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August 25, 2006

Man Gets 6 Years in Software Piracy Case

A Florida man who made millions of dollars selling illegal copies of computer programs was sentenced Friday to six years in prison in one of the nation's largest software piracy cases.

Danny Ferrer, of Lakeland, Fla., pleaded guilty in June to conspiracy and copyright infringement charges after an FBI investigation of his Web site, BuysUSA.com. Ferrer also was ordered to pay more than $4.1 million in restitution to software makers Adobe Systems Inc., Autodesk, and Macromedia Inc.

Ferrer bought numerous airplanes, a fighter-jet simulator, a Lamborghini, a Hummer and other luxury vehicles with his profits. U.S. District Court Judge T.S. Ellis III ordered the items be sold to pay restitution in the case.

"You extended your hand into the pockets of these people," Ellis said before sentencing Ferrer. "If severe penalties were not attached, people would line up from here to Los Angeles to do what you've done."

Ferrer told the judge he started selling the pirated software to pay for a feeding tube for his sick wife, but "there was probably a certain amount of greed."

Prosecutors said they are working with the FBI to investigate the providers of fake software serial numbers on the Internet, which allowed Ferrer to sell the programs.

The software looked legitimate to consumers, but was deeply discounted, said John Wolfe, of Business Software Alliance, an industry group.

Ferrer's Web site began selling software in 2002 and was shut down by the FBI in October 2005, authorities said.

Prosecutors said the illegal sales cost the software companies as much as $20 million, but industry officials say the amount could be higher.

"This is the ultimate case," prosecutor Jay V. Prabhu said in court. "This is a case where someone made a lot of money."

(Source: www.sfgate.com)

August 23, 2006

50 coolest websites of 2006

Time.com has published their list of the 50 coolest websites of 2006.

They publish this list each year and it reflects the trend as to the websites of the moment, as perceived by the main stream media. There are 7 categories this year: (Check out category 5 !)


Read the whole article with all sites and descriptions here: http://www.time.com/time/2006/50coolest/index.html

August 17, 2006

Google Enables AdSense for Search On Your Own Pages

Google announced and update for AdSense for Search that enables you to host the search results directly on your own pages, unlike before, where you were redirected to a Google domain.

Publishers using AdSense for search now have the option to open search results within their own websites. By adding an additional set of search results code to your page, you can display Google search results framed within your own site. This new option will help you blend AdSense for search into your site even further. You'll also have the added advantage of keeping users on your site while still offering them the useful information available through Google search.
(Source: Google)
How do I implement Adsense for search results on my own page?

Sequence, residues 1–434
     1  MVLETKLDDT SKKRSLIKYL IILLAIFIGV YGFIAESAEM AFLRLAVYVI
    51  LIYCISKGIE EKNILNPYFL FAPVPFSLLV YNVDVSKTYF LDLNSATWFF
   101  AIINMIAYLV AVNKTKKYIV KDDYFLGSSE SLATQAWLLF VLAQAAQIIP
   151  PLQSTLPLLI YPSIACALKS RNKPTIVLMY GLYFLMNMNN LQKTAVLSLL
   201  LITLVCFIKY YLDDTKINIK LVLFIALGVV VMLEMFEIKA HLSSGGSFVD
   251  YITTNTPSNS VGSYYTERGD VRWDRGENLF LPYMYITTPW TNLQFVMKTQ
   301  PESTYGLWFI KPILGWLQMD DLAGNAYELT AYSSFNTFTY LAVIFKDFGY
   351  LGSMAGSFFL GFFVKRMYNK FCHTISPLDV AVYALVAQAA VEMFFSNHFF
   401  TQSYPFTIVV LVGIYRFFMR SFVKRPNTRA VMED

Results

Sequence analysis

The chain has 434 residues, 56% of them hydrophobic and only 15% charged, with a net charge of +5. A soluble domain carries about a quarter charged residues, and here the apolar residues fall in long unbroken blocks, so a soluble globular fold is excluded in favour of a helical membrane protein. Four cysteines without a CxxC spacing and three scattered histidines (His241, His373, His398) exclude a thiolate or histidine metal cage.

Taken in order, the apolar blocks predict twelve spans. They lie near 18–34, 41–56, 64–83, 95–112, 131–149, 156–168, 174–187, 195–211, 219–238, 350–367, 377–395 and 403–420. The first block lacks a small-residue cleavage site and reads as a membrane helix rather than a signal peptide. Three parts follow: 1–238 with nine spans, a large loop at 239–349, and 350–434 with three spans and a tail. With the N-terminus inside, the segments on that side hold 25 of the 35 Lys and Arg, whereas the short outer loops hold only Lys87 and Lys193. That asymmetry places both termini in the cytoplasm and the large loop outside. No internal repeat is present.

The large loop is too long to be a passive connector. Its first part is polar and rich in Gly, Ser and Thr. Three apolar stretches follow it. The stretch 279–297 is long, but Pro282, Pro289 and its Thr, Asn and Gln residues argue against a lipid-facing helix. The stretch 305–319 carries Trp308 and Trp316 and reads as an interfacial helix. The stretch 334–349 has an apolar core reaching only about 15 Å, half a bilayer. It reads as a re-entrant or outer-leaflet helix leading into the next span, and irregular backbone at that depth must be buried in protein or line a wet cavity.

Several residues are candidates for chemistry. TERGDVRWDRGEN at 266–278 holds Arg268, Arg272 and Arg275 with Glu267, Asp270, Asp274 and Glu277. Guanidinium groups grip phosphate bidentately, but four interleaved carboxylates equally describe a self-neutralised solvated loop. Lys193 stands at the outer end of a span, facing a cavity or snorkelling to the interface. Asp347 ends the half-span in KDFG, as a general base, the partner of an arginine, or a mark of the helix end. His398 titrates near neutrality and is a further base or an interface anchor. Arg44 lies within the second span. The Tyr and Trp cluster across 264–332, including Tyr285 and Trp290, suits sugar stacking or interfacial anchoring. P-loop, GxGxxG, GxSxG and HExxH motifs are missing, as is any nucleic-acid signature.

Before you can implement AdSense for search results within your own site, be sure to create the page where the search results will be displayed. If your web host or site application does not offer you the ability to create an separate URL for your search results -- for example, if you're using Blogger -- you will not be able to implement your search results within your page.

Once you've created the page where search results will be displayed, follow these steps:

1. Log in to your account at https://www.google.com/adsense.
2. Visit the AdSense Setup tab
3. Choose AdSense for search as the product.
4. During the first step of the guided setup, scroll down to the More options section and click the radio button marked Open results within my own site
5. Enter the URL of the page you've created in which you'd like search results to appear. You must create this page yourself; it will not be created or displayed automatically on the URL you enter. If you're familiar with relative URLs, you're welcome to enter one instead of the full URL.

6. Continue to choose any other options for your search box and results.
7. Copy the code generated in the Your search box code box and paste it into the HTML source of the page where you'd like to display the search box.
8. Copy the code generated in the Your search results codebox and paste it into the HTML source of the page on which you'd like to display the search results.
9. Save your webpages

Note: Any AdSense for search settings or options that you've selected, including Competitive Ad Filters and site-flavored search, will continue to work with search results in an IFRAME.

August 16, 2006

I got interviewed!

Hello everybody!

Today I got interviewed by the X10 community director, Michael Mallari.
You can find the original here: http://www.x10community.com/article_meetx10marko_08162006.html

Here"s a text version of it:

Meet Team X10.com!
By Mike Mallari - August 16, 2006

We want to take the opportunity to introduce you to members of the X10.com team! Today, we sat down with Marko Wollschlaeger, one of the Web Producers at X10.com and had the opportunity to ask him a few questions. Marko has been with X10.com since January of this year, working on many projects for the company. His striving to put out a great product has rewarded Marko and his team with many compliments from customers for his designs. Here’s what Marko had to say: